Nintendo's stock has been on a great run since the bottoming out in 2015 after three years of financial troubles. The company's Nintendo Switch hybrid console has taken the gaming world by storm, winning countless awards last year, and has the Big N back in the driver's seat. Sadly, there are still some problems with Nintendo's stock that need to be addressed in order for the company to continue its rise with the support of institutional investors and smaller shareholders. Here are four suggestions for how Nintendo could make their stock more shareholder friendly.
Split the Japanese Stock
While Nintendo does trade over here in the United States as NTDOY ADR, many investors want to own the stock in Japan. Nintendo trades in Japan as 7974 and closed trading at 47,770 yen last night. This translates to $444.26/share! There are a number of reasons why this is hurting Nintendo shareholders.
The obvious problem is for smaller retail investors who view the 47,770 yen price tag on Nintendo shares in Japan as simply to high, but the bigger problem is that Nintendo can't be included in the Japanese Nikkei 225 benchmark index. The Nikkei 225 is a price-weighted equity index, which consists of 225 stocks in the first section of the Tokyo Stock Exchange. This is similar to the Dow Jones Industrial Average Index here in the U.S. The higher the share price, the larger amount of influence a stock will have over a price-weighted index.
This is where the real problem lies for Nintendo's Japanese share price. If Nintendo were added to the Nikkei 225 Index at its current Japanese share price, it would be the largest weighted stock. This wouldn't make any sense as Nintendo is not the largest company by market capitalization in Japan and many of their competitors have much lower share prices in Japan. For instance, Sony's Japanese stock (6758) trades for 5,378 yen/share which is a far more affordable share price and the stock is easily included in the Nikkei 225 price-weighted index as a result.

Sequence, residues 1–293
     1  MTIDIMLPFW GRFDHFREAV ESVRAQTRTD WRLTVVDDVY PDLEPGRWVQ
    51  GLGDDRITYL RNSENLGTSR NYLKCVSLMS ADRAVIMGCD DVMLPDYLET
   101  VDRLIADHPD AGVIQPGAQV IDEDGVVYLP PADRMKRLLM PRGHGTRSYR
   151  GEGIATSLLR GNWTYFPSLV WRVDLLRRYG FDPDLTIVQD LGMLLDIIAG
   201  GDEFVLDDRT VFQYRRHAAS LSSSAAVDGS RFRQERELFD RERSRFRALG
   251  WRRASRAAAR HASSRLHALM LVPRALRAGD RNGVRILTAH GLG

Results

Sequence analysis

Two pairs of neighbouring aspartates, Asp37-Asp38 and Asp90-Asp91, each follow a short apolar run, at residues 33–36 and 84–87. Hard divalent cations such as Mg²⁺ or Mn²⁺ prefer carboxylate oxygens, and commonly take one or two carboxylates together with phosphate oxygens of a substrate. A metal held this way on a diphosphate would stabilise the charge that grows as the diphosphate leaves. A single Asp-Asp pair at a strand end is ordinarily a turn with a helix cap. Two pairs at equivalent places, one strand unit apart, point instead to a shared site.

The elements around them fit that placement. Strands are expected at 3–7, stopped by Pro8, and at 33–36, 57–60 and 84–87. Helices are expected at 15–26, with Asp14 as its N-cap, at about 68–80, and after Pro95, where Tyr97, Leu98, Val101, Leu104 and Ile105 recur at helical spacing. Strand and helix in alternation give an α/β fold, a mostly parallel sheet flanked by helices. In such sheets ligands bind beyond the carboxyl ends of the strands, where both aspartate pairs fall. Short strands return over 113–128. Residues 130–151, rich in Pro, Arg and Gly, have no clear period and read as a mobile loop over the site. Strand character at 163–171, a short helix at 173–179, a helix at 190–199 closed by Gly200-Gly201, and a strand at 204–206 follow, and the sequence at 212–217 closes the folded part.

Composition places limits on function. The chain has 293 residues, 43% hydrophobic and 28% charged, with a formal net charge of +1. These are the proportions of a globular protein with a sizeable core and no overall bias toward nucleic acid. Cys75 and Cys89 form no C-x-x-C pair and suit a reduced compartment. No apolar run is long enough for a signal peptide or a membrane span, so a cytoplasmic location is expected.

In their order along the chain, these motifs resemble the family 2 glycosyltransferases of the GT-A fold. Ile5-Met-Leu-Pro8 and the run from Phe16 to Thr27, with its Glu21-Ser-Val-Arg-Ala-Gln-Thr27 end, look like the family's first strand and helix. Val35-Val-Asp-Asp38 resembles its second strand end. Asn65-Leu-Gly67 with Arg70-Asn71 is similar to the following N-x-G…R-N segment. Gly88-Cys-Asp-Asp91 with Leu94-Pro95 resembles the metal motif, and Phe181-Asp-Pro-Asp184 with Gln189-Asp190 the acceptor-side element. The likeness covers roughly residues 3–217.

This all matters because large institutions like mutual funds, pensions and hedge funds might be willing to own or mimic the Nikkei 225 index's holdings. Nintendo's omission from the index means that those large investors will not have any incentive to own the stock. Nintendo's high Japanese share price hurts investors in two ways as a result. It makes investing in the shares more difficult for smaller investors to purchase and it keeps larger institutions away as a result of not being part of the benchmark Japanese Nikkei 225 Index. This frustration has bubbled up in recent days with some investors calling for a stock split.
Issue Quarterly Dividends
Nintendo currently pays shareholders two dividends per year, with the majority coming in the Spring after they have reported their full-year financial results. While this isn't a major problem for most shareholders, it is something that makes the stock unlike most of its counterparts. Large companies that return cash to shareholders usually do it on a quarterly basis and that incentivizes investors to hold onto shares instead of trading in and out of them throughout the year. While this isn't a huge problem for long-term investors like myself, larger institutional investors like mutual funds and hedge funds would prefer to know their dividend is coming each quarter.
Allow Options to Trade on the Stock
While most small investors usually don't care if they can trade options on a stock, it is hugely important to large institutions. The ability to mitigate risk in owning a stock by selling upside calls or buying downside puts is a huge advantage to options trading. The inability to trade options on Nintendo's stock is a huge barrier to investment for hedge funds that are always focused on risk management. Nintendo would open themselves up to a whole new market of investors if they allowed options to trade on the stock.
List NTDOY on an Exchange in the U.S.